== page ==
Monday, March 11, 2013

When A Book Reviewer Says No, Don’t Worry

Life is about how you handle rejection, because truthfully, we are rejected far more often than we are accepted. This is true when applying to a school or for a job, or when we pursue a date, seek to raise funds for a charity, or lobby the government for changes in the law. Rejection is all around us.

We learn it early in life when nagging our parents for toys or candy and we continue to run up against it when we try to defy the natural course of aging. We hear “no” far more often than “yes,” but the balance sheet of life only requires a handful of yeses to truly be successful and happy.

If anyone knows rejection it is the creative artist. He or she struggles to find a publisher, then to build readership, and then to get sales. When pursuing the news media, expect reviewers to reject you more than 90% of the time. Depending on your book’s subject matter, timing of your outreach, and style of your approach, you may get turned down by almost all of the book reviewers that you contact.

But you can still sell a huge amount of copies of your book without the help of book reviewers. And you can get lucrative book deals even if you don’t have many book reviews. Why? Because so many things can drive your success often don’t involve reviews. It depends on how creative and resourceful you can be.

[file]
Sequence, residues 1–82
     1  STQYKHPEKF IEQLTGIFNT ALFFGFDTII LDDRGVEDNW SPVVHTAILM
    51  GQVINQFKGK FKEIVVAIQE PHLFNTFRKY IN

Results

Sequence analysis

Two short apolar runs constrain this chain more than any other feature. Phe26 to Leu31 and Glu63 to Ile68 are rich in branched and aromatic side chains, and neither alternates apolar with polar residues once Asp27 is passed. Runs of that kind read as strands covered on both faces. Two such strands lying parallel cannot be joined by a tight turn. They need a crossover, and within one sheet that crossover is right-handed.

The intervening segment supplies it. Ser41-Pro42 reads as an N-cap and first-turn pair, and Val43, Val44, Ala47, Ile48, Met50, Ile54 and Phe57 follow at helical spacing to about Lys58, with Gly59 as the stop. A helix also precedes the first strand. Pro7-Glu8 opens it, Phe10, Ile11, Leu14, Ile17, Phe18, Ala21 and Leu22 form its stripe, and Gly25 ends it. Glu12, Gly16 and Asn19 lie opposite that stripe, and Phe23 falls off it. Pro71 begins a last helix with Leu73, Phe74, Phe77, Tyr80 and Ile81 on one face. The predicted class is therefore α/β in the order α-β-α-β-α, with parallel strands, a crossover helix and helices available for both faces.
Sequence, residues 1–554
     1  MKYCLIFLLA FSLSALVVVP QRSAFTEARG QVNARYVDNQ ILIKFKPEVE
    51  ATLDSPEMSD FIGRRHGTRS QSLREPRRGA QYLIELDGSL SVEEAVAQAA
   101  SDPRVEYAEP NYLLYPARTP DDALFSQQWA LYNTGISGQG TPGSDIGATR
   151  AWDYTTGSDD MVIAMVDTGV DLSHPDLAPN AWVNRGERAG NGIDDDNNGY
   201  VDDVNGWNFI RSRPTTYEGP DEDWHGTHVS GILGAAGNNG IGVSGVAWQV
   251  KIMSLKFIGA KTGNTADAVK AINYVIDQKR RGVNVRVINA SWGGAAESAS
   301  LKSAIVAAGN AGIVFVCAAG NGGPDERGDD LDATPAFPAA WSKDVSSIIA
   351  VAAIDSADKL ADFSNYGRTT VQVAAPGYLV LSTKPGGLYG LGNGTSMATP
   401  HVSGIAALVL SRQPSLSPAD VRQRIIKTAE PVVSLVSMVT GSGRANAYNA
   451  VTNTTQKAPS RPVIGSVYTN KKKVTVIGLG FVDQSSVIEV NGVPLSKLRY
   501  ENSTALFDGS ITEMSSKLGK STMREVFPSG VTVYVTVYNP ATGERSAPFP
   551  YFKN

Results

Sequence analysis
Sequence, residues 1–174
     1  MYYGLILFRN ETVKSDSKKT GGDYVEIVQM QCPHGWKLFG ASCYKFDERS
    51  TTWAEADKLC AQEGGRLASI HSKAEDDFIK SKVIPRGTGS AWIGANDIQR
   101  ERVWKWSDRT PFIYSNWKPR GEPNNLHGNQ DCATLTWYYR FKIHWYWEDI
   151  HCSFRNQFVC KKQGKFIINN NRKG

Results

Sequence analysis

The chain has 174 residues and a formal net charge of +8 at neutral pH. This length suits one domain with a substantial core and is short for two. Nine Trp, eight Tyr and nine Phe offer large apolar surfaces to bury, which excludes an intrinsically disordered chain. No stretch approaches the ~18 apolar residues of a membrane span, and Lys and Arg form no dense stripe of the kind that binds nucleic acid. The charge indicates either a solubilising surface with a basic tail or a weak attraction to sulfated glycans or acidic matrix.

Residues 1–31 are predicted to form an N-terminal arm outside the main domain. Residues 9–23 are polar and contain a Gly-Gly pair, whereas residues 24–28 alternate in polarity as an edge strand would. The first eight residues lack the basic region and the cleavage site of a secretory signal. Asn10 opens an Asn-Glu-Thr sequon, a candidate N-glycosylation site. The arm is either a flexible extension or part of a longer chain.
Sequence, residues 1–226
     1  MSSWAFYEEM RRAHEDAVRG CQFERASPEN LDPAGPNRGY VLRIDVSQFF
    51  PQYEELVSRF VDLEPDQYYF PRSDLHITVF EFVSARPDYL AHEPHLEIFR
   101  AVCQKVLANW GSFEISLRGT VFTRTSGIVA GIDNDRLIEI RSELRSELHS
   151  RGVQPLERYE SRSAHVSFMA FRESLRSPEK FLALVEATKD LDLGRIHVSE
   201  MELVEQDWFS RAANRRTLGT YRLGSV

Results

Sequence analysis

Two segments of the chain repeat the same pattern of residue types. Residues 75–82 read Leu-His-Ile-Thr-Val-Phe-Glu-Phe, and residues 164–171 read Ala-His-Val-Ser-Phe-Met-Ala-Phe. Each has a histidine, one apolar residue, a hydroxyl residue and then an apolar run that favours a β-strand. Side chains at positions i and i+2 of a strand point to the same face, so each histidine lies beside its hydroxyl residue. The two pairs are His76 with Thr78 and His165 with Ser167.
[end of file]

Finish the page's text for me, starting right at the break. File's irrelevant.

There are no less than dozens of ways to sell a book, from speaking engagements and book signings, to social media, savvy marketing, convention exhibits, affiliate sales, bundling with other services or products, catalogs, advertising, media campaigns, road tours, etc.  No need to get caught up in the book review game when you can take matters into your hands and seek out other ways to promote and market your book.

Book review space in printed publications is shrinking and online book reviewers are growing. It’s still good if you can get the book reviews, but realistically many authors are shut out because:

      There’s still some prejudice against the self-published.
      Most authors fail to submit a galley 3.5 months prior to publication to all of the right reviewers.
      Way too many books are released every single day.
<    Some genres don’t get reviewed as often as others.
<    The pitch letter accompanying the galley failed to inspire the reviewer.

Remember, rejection is part of the game of life. Pursue the book reviewers if you can, and maybe you catch a lucky break. But regardless of your level of success with them, realize that 99.8% of your sales success will come from the efforts you make to promote and market beyond the book reviewers.

Good luck.

Brian Feinblum’s views, opinions, and ideas expressed in this blog are his alone and not that of his employer, the nation’s largest book promoter. You can follow him on Twitter @theprexpert and email him at He feels more important when discussed in the third-person. This blog is copyrighted material by BookMarketingBuzzBlog 2013 ©

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